Materials Mark-Up - we can all google the cost of everything nowadays but the lowest price isn’t necessarily what your electrician will be paying. They cannot spend days shopping on different electrical supplier websites if they are to finish a project on time plus they need to be on the tools working. When they arrange, collect and sometimes even return materials it costs time and money so it is natural that tradespeople build in a margin to cover this. If you want to organise buying expensive items yourself to save not paying a Mark-Up then many electricians will work with you on this as long as you discuss it and allow them to earn a fair income overall.
Payment schedule - is made up of 3 stages; deposit, stage completion payments and final completion payment. It is important that the expected amounts, timing and conditions for payment are written down and agreed by signature so everyone knows what to expect and arguments are avoided.
Deposit - It is fair to pay a deposit to cover materials which is often 20%
Stage completion payments - this should be simple as long as you have a written agreement.
Completion payment - the amount held back for completion should be significant so it is worth your electrician rectifying any snags at the end rather than feeling it better to just walk away. If you have an on going dialogue and have a healthy working relationship this should not be an issue.
Extra Costs - Even with the best laid plans and years of experience extra labour or materials can be required on top of those budgeted for. The potential for argument would be where the labour or materials is not perceived as ‘Extra’. Try to both be fair and if these extras were not agreed then often it is appropriate to have a discussion about what is an additional fair cost – however this should not be an opportunity to charge excessively.
Electricians get busy when the seasons start to get darker, in the UK that means Autumn and Winter.
If you have had an electrical company work for you and you paid them fairly then they will usually make an effort to get to you quickly.
Make sure you agree what you expect the guarantee to be and how long for.
In England and Wales electrical work on your home must be carried out by an Electrician who is registered in compliance with Part P of the Building Regulations. The principle of the Building Regulations is to ensure that consistent standards are applied to the construction of buildings including its structure, fire safety, sound insulation, drainage, ventilation and electrical safety.
The following organisations are approved by the Government (England & Wales) for the registration of electricians; NICEIC, ELECSA (ECA), NAPIT, BSI, Blue Flame and STROMA.
In short, electrical installations must be safe! Part P of the Building Regulations applies to fixed electrical installations in dwellings (including gardens and shared amenities in blocks of flats, and any building that shares its electricity supply with a dwelling).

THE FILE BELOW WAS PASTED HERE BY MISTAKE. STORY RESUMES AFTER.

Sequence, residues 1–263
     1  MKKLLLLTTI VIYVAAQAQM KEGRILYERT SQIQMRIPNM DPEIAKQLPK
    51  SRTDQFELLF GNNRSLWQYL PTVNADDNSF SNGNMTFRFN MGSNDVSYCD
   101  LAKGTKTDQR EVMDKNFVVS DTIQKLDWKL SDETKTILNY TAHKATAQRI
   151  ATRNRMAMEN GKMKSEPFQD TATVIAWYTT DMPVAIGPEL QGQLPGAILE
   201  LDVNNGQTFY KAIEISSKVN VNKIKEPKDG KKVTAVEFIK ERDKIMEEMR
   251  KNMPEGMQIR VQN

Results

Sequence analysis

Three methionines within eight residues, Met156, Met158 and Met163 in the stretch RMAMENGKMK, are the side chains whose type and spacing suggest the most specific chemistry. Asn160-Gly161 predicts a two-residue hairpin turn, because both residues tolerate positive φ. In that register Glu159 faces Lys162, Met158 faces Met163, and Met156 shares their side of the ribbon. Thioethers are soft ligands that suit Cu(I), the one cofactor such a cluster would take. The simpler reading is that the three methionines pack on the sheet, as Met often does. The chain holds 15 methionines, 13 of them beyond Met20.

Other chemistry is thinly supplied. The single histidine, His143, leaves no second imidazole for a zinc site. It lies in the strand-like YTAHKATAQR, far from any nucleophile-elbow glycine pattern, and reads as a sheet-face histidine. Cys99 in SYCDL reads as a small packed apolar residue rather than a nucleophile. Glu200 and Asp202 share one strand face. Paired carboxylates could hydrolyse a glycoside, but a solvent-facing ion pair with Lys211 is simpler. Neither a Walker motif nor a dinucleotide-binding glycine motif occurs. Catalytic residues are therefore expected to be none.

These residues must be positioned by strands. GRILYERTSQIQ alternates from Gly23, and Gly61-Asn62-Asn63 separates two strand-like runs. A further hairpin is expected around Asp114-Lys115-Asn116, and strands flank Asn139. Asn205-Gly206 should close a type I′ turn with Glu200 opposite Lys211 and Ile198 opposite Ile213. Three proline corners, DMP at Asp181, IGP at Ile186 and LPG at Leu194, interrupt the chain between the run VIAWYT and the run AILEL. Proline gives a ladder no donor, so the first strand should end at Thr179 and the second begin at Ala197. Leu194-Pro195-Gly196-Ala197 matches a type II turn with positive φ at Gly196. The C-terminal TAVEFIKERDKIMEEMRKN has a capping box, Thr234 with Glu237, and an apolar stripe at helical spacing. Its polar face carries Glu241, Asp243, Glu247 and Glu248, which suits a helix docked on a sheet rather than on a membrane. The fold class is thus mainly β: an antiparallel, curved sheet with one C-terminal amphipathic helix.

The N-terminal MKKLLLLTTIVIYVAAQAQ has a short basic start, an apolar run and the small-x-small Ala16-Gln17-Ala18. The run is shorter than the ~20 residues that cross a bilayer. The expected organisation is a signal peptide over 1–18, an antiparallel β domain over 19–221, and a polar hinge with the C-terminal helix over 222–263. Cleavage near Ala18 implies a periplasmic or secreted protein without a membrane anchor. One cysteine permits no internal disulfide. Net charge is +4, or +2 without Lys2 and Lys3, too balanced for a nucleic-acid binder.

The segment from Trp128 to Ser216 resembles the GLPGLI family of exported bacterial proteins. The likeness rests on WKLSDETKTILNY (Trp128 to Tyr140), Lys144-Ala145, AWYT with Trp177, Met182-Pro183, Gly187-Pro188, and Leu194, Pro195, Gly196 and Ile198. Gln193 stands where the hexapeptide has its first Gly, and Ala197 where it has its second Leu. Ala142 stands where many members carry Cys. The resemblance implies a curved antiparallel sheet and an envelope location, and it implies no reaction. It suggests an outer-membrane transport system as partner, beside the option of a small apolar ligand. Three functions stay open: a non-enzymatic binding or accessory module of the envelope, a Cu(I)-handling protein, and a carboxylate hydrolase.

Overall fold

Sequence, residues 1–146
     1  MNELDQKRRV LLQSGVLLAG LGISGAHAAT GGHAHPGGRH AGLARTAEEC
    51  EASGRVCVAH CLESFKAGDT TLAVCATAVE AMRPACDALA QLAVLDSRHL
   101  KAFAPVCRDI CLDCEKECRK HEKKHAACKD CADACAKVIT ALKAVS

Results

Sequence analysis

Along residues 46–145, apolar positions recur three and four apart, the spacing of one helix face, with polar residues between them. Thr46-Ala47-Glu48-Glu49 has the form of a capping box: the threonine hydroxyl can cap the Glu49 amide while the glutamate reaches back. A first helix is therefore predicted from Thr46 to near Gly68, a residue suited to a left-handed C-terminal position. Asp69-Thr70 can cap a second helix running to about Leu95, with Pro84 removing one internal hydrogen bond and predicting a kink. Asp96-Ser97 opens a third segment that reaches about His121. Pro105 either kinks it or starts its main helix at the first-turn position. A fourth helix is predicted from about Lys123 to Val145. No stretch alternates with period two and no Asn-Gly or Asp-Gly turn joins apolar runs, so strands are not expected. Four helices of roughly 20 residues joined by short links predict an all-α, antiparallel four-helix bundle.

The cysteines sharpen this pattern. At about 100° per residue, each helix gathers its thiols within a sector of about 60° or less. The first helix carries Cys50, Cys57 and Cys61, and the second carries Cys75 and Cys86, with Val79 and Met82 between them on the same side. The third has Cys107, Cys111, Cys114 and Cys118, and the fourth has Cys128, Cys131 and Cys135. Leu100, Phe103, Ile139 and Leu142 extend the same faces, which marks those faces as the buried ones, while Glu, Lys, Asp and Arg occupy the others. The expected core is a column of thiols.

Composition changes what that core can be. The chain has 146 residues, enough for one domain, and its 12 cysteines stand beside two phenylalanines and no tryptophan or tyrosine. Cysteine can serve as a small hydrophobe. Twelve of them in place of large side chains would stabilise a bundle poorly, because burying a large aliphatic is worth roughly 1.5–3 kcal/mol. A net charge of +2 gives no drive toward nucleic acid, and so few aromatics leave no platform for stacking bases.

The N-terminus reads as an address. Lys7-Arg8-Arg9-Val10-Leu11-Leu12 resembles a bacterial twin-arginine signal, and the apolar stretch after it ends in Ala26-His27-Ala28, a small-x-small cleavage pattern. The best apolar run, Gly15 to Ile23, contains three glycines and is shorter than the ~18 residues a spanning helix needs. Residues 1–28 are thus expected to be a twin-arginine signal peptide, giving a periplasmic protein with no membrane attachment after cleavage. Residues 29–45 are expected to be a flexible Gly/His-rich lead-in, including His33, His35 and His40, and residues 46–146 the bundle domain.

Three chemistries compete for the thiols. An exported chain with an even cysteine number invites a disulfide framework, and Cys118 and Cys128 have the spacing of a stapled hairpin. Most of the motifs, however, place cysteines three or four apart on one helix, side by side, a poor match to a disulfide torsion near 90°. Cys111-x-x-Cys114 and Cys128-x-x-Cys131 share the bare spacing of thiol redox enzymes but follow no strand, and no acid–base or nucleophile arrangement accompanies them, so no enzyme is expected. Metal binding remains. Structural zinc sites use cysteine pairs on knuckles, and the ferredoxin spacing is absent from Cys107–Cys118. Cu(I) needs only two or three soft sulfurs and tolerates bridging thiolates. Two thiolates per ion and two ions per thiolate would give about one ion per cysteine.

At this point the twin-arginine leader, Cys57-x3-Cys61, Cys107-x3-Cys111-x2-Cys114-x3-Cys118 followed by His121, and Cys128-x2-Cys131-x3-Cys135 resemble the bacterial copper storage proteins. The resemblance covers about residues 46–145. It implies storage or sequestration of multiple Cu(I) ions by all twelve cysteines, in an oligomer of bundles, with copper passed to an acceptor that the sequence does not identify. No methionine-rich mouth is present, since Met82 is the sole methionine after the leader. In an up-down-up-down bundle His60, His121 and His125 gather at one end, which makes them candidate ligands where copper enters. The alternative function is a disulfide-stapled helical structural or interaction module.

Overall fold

In Scotland the required qualification is "Electrical Installations to BS7671" and Scottish Electricians can be registered with; NICEIC, SELECT, NAPIT
In Northern Ireland Electricians can be registered with; NICEIC, ECA or NAPIT
Some electricians have ratings on their profile page or you can ask your selected electrical contractor for past customer’s contact numbers and speak to them directly about their experience.
All Electricians working in your home need to be covered by Public Liability Insurance which covers everything from a personal injury claim to damage to your property i.e. if your electrician breaks something in your house or has an accident, the insurance company will pay for it. Your Electrical contractor should either have their own policy or one from their employer which covers them – ask to see a copy. The amount usually varies from £1 to £2 million.
If you are installing a new Chandelier then most likely you (the home owner) will have selected it. Once you move away from the visible products to functional things like switches and dimmer modules etc then your electrician is more likely to be guiding or outright making the decisions.
After rewiring my home a few years back slowly each spot light run would flicker and the electrician would return to change a couple of dimmer modules. Over the next 3 years all were changed and it was clear that the first batch were inferior quality and caused significant expense and argument but as I never asked about quality of components I had to pay for all these changes. It would have helped me (and my electrician) a lot if I had communicated clearly at the beginning what I expected ie non flickering lights on-going.
There will be cost and installation time differences for different brands or systems and if you do not discuss your preferences then you may end up with the cheapest and easiest to install which may not be ideal for you a couple of years later. Ask your electrician what the benefits are of each system and then decide whether you want to pay extra, this way even if you pick the cheapest option at least you know what you are getting.
|Location||Hourly Cost / Rate||Daily Cost / Rate|
|Rhondda, Cynon, Taff||£32||£220|
|Bath & North East Somerset||£31||£227|
|North East Lincolnshire||£30||£186|
|Basingstoke & Deane||£39||£255|
|Dumfries & Galloway||£30||£232|